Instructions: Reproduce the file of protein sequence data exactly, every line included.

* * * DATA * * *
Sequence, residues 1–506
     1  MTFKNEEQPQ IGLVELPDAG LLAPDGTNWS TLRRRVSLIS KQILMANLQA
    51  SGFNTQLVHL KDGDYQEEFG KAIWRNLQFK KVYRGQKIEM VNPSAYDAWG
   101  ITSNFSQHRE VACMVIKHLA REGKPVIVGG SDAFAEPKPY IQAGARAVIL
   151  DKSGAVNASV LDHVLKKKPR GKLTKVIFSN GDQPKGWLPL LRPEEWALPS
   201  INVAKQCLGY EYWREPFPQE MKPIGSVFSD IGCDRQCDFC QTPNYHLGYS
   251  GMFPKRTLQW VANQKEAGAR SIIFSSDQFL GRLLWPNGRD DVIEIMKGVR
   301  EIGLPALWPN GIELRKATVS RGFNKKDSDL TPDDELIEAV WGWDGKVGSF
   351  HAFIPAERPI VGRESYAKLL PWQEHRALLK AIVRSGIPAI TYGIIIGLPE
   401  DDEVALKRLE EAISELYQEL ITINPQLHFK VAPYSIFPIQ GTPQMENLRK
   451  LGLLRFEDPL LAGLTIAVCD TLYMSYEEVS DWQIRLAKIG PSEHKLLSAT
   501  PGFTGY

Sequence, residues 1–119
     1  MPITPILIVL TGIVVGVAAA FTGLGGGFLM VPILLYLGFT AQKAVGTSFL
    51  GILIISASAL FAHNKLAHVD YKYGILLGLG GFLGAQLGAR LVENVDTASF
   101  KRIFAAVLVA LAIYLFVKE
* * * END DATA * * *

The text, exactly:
Sequence, residues 1–506
     1  MTFKNEEQPQ IGLVELPDAG LLAPDGTNWS TLRRRVSLIS KQILMANLQA
    51  SGFNTQLVHL KDGDYQEEFG KAIWRNLQFK KVYRGQKIEM VNPSAYDAWG
   101  ITSNFSQHRE VACMVIKHLA REGKPVIVGG SDAFAEPKPY IQAGARAVIL
   151  DKSGAVNASV LDHVLKKKPR GKLTKVIFSN GDQPKGWLPL LRPEEWALPS
   201  INVAKQCLGY EYWREPFPQE MKPIGSVFSD IGCDRQCDFC QTPNYHLGYS
   251  GMFPKRTLQW VANQKEAGAR SIIFSSDQFL GRLLWPNGRD DVIEIMKGVR
   301  EIGLPALWPN GIELRKATVS RGFNKKDSDL TPDDELIEAV WGWDGKVGSF
   351  HAFIPAERPI VGRESYAKLL PWQEHRALLK AIVRSGIPAI TYGIIIGLPE
   401  DDEVALKRLE EAISELYQEL ITINPQLHFK VAPYSIFPIQ GTPQMENLRK
   451  LGLLRFEDPL LAGLTIAVCD TLYMSYEEVS DWQIRLAKIG PSEHKLLSAT
   501  PGFTGY

Sequence, residues 1–119
     1  MPITPILIVL TGIVVGVAAA FTGLGGGFLM VPILLYLGFT AQKAVGTSFL
    51  GILIISASAL FAHNKLAHVD YKYGILLGLG GFLGAQLGAR LVENVDTASF
   101  KRIFAAVLVA LAIYLFVKE